Journal of Applied Security Research 07/2011; 6(3):372-393.
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    ABSTRACT: A recent increase in the number of threats against judges has led to the wider use of protective details to safeguard the judiciary. By applying content analysis methods to a random sample of news media accounts mentioning protective details for public figures from March 1999 to March 2009, this article explores (a) a possible relation between the level of intrusiveness of protective details and their success or failure as protective measures and (b) the implications of these findings for anyone requiring executive protection.
    Journal of Applied Security Research 04/2011; 6(2):209-246.
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    ABSTRACT: Much of the research on correctional officers over the past two decades has focused on job stress, job satisfaction, the job environment, and how demographic variables such as gender, race, health and family conflict influenced stress and job satisfaction. Because correctional staff is such an integral part of corrections, understanding job involvement and its impact on correctional employees is important, yet it has received little attention in the literature. Using survey data from a private correctional facility in the Midwest, the authors examined the effects of job involvement on job stress, job satisfaction, organizational commitment, absenteeism, and turnover intentions. A multivariate analysis indicated that job involvement had significant effects on all the predicted outcome variables.
    Journal of Applied Security Research 04/2011; 6(2):158-183.
  • Journal of Applied Security Research 01/2011;
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    ABSTRACT: The dearth of research on spatial analyses for installation patterns and characteristics of residential burglar alarms exists in the crime prevention literature in general, and even a few existing studies are based on observational and anthropological approaches with little quantitative analyses. Spatially analytical approaches have not been used to examine the distribution and pattern of burglar alarms. With installation record of burglar alarms, spatial statistical techniques are used to examine spatial patterns of residential burglar alarms with demographic, socioeconomic, and housing characteristic variables. Various spatial analyses demonstrate that at a macro-level, many spatially concentrated areas of burglar alarm installation are observed, indicating that installation patterns of residential burglar alarms are not evenly distributed throughout the city. Such patterns occur depending on neighborhoods’ conditions such as demographic, socioeconomic, and housing characteristics. A higher black population and neighborhoods with a higher proportion of the younger population—ages below 17 years, lower unemployment rate, and higher proportion of black householders are among identified variables to explain spatial characteristics and patterns of burglar alarm installations. A feasible policy implication from the present study is that crime prevention communities (e.g., local governments, police department, private security companies) can utilize research findings to promote local communities and neighborhoods with property crime problems to use alarm systems as part of crime prevention efforts in conjunction with local crime data analysis.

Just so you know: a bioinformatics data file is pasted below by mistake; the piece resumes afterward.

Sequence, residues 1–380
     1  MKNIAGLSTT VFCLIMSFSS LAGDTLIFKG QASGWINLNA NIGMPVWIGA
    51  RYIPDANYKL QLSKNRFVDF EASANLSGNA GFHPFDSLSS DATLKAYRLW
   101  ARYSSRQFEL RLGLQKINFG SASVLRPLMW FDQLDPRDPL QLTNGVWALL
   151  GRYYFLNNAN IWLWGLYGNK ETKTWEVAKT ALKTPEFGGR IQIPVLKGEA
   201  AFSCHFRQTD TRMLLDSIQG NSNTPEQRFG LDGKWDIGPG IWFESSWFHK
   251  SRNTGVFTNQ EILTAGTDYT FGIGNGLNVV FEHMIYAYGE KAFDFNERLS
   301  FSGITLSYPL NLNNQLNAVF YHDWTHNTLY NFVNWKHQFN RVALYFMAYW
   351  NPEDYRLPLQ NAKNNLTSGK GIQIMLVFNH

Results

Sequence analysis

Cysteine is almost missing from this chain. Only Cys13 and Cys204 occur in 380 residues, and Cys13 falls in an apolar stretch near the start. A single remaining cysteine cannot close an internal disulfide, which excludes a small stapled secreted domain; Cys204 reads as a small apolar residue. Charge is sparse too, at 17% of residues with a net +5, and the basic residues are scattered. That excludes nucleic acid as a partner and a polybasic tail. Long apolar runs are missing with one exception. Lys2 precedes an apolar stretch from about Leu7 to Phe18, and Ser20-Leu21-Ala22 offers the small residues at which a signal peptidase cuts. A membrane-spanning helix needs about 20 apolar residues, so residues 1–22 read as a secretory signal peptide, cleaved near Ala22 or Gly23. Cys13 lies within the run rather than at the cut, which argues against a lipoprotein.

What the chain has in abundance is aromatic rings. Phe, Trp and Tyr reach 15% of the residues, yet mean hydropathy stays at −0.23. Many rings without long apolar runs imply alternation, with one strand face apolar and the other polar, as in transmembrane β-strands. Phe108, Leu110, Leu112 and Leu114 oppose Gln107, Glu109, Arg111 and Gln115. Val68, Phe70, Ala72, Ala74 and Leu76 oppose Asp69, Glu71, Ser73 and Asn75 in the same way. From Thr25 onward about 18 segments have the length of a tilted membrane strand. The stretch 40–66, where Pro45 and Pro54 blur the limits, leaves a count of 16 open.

Journal of Applied Security Research 01/2011; 6(1):82-109.
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    ABSTRACT: Electronic Security Screening (ESS), in addition to preventing a major disruption to the aviation industry after 1970, has produced social changes by providing positive protection for people and assets throughout the world. The sustained wave of hijackings in 1968–1972, which morphed into criminal extortion and political terrorism, could have disrupted or even destroyed the passenger airline business (as well as worldwide tourism). After five years, the Federal Aviation Administration (FAA) was finally able to resolve this new social phenomenon (aviation security) by a series of security measures required of the airlines and airports, of which ESS of airline passengers was the primary element. Historically, we have to thank two individuals, George W. Shepherd Jr. of Philips Government Systems who invented and built the Saferay, the first low-dose x-ray system for screening articles (handbags, luggage) and Malcolm Schwartz of Infinetics who built the first aviation walk-through metal detectors for passengers. Citizens of the United States (and the world) voluntarily submitted themselves to ESS (searches) in 1973 in order to resolve the aviation security issue. Today, forty years later, ESS remains basically unchanged—people still walk through metal detectors and hand-carried articles are still x-rayed.
    Journal of Applied Security Research 10/2010; 5(4):460-532.